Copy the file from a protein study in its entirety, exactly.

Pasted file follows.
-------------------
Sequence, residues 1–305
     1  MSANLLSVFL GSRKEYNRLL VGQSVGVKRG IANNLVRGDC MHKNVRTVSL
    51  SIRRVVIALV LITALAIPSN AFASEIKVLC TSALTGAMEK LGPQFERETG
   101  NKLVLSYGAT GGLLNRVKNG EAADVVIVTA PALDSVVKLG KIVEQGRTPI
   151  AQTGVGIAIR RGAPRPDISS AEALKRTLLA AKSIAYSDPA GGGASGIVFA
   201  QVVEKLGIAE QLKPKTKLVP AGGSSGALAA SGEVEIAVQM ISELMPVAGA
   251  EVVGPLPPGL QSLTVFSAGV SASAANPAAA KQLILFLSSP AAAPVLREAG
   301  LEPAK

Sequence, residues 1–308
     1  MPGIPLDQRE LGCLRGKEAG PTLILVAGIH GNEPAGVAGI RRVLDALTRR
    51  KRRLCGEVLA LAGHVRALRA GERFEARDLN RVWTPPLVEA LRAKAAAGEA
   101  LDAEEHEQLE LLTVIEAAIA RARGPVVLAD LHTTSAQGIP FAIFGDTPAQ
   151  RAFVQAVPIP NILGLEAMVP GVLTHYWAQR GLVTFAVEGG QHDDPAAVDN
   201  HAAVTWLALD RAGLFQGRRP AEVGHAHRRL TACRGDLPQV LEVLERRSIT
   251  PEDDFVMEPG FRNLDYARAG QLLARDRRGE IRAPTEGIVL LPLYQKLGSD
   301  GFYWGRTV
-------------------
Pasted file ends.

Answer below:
Sequence, residues 1–305
     1  MSANLLSVFL GSRKEYNRLL VGQSVGVKRG IANNLVRGDC MHKNVRTVSL
    51  SIRRVVIALV LITALAIPSN AFASEIKVLC TSALTGAMEK LGPQFERETG
   101  NKLVLSYGAT GGLLNRVKNG EAADVVIVTA PALDSVVKLG KIVEQGRTPI
   151  AQTGVGIAIR RGAPRPDISS AEALKRTLLA AKSIAYSDPA GGGASGIVFA
   201  QVVEKLGIAE QLKPKTKLVP AGGSSGALAA SGEVEIAVQM ISELMPVAGA
   251  EVVGPLPPGL QSLTVFSAGV SASAANPAAA KQLILFLSSP AAAPVLREAG
   301  LEPAK

Sequence, residues 1–308
     1  MPGIPLDQRE LGCLRGKEAG PTLILVAGIH GNEPAGVAGI RRVLDALTRR
    51  KRRLCGEVLA LAGHVRALRA GERFEARDLN RVWTPPLVEA LRAKAAAGEA
   101  LDAEEHEQLE LLTVIEAAIA RARGPVVLAD LHTTSAQGIP FAIFGDTPAQ
   151  RAFVQAVPIP NILGLEAMVP GVLTHYWAQR GLVTFAVEGG QHDDPAAVDN
   201  HAAVTWLALD RAGLFQGRRP AEVGHAHRRL TACRGDLPQV LEVLERRSIT
   251  PEDDFVMEPG FRNLDYARAG QLLARDRRGE IRAPTEGIVL LPLYQKLGSD
   301  GFYWGRTV